Friday, 21 May 2010

Crime fiction writer Mary Andrea Clarke

We love crime fiction and crime fiction authors! Continuing our occasional series of interviews with some of our authors, this week we talk to Mary Andrea Clarke, author of The Crimson Cavalier - one of CCTheLowdown director Lorelei King’s favourites in the eCC eBook series.

By day, Mary Andrea Clarke is a responsible civil servant - but by night, she is a mystery woman! Her love of crime fiction led her to join the vibrant group of readers and writers who organise many events and meetings all over the UK. She lives in Surrey and has completed her next novel, which is due for publication in August 2010

1. If you could choose any actress to play the lead role on TV or reading an audio version of your titles, who would you choose?

Catherine Zeta Jones! She has a lively and spirited presence which would bring Georgiana Grey to life on-screen. Anne Cater did an excellent job of reading The Crimson Cavalier and I think my fellow crime writer Linda Regan would also be a good choice. If I had the chance, I would LOVE to narrate the audio myself as I think it would be a really exciting experience.

2. How do you structure the layout and plot lines of your books? Do you have a clear plot line, or do things twist, turn and develop as you go along?

I have a general outline for the entire book, but plot each chapter as I go along using a mind map - this helps with tangents and off-shoots. The initial draft for my first book was written in long-hand, but now I write direct to my laptop. I spend an hour each day on my commute to work, so try to write as much as I can then, but otherwise it’s back on the computer after I’ve had something to eat and working into the night…Weekends are better, as I can have a whole day, but as far as structure and plot is concerned, I either have a notebook or my laptop with me so that I can keep note of ideas and plotlines.

3. Your book is publishing in ePUB/eBook format with Creative Content at the end of April. Do you have any specific views on the digital marketplace as an outlet for your titles and what do you think of the new devices like the Kindle?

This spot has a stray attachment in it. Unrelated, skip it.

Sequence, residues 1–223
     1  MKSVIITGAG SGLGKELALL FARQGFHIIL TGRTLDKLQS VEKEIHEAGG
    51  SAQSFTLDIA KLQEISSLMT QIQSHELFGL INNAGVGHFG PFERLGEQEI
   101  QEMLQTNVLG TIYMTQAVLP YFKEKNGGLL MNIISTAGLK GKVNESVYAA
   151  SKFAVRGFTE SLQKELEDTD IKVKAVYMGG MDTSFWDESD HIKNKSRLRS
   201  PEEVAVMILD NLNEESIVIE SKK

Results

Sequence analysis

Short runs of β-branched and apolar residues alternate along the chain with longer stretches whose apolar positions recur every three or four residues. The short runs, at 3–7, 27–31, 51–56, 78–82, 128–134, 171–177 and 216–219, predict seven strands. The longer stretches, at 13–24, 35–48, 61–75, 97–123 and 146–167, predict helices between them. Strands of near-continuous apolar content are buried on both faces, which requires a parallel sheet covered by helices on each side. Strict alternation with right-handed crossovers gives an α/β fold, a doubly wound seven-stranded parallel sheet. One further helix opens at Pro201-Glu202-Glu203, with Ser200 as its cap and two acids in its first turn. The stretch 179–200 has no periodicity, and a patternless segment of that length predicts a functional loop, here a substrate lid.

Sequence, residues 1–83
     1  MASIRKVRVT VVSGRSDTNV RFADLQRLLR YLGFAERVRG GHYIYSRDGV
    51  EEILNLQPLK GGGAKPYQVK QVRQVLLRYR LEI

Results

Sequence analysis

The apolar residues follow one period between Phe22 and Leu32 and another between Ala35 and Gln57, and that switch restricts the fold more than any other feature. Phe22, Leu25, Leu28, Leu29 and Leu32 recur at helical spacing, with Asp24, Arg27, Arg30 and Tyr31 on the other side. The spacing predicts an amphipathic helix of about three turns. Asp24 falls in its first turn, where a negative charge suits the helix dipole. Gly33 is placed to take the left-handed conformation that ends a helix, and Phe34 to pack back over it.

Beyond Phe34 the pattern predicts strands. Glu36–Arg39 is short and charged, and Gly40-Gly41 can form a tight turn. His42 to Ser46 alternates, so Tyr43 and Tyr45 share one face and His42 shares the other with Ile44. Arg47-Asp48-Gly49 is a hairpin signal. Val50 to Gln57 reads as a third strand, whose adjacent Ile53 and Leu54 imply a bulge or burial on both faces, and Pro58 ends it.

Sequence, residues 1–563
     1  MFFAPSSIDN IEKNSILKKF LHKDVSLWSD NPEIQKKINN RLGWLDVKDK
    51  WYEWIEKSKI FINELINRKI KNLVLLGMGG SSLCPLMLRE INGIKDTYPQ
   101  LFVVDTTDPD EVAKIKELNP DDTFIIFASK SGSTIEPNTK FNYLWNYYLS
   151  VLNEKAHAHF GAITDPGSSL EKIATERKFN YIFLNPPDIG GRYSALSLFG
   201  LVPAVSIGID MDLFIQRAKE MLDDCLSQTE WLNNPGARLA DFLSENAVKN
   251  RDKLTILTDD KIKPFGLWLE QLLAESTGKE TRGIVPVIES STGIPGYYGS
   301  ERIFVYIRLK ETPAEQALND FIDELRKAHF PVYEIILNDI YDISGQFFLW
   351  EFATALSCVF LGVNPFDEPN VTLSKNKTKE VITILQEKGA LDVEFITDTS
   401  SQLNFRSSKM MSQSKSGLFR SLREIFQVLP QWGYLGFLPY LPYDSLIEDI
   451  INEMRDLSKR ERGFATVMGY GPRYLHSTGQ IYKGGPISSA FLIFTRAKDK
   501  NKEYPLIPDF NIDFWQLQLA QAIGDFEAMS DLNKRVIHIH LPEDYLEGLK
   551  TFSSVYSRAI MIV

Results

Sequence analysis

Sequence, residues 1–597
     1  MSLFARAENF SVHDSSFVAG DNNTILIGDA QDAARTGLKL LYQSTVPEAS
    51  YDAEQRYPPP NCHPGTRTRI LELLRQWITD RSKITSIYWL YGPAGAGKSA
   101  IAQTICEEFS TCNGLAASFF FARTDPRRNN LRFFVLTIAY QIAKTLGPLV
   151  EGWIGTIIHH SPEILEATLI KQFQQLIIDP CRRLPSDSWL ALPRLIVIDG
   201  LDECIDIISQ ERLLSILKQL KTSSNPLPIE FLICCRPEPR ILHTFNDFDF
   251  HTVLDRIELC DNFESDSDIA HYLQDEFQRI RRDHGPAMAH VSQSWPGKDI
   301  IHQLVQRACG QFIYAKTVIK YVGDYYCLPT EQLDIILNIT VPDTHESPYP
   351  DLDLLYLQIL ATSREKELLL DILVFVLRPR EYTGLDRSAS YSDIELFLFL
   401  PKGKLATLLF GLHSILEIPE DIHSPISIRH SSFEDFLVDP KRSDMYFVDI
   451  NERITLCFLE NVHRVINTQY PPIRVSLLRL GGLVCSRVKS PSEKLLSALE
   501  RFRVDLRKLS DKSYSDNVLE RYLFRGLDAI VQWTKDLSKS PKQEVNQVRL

It’s very exciting to see reading moving into the digital world. It’s a helpful option for the reader to have another medium to enjoy books and which can offer a wide range of titles in an easily mobile format. The Kindle and the iPad can bring a lot more books - even audio downloads - to the reader, which is a great addition. A great way to take a lot of books on holiday without exceeding the baggage limit!

4. Did you set out to create a series based character or was that accidental?

The Crimson Cavalier was started as a standalone novel, but as the book progressed, ideas developed for other books featuring Georgiana.

5. How do you go about your research?

I tended to do the bulk of my research about the period, and particularly highwaymen, before the first novel and tend to renew and refer back to that as I go along, but if it‘s something I just don‘t know or am not familiar with, I would always do the main research before starting to write. And I am always reading - another way to pass the time during my daily commute! I had read a lot about the Regency period in my youth and that has continued and that has helped a lot when it comes to research and background.

6. Is there any one person who inspired you to become a writer?

I tend to absorb what I can from lots of different writers. When I start to write, I think a lot of what I’ve read returns from my subconscious mind; you almost don’t realise you’ve remembered it! I used to read a lot about the Tudor period from Jean Plaidy and she was always very well researched and could really bring characters to life. She also used to write as Victoria Holt.

7. Is there any one thing that your readers would be surprised to know about you?

I was in a fencing club when I was at University!

8. Were you at all inspired by the novels of Georgette Heyer in setting your novels in the Regency period and if so, which of hers novels is a favourite?

Yes - her novels did contribute inspiration, but I wanted a different angle - a single woman working around the restrictions of the period to solve a crime. My favourite of her books is Sylvester, where the heroine secretly writes a novel. - interview by Alan Muirden

eCC launched on 30 April 2010. For further information, visit or contact

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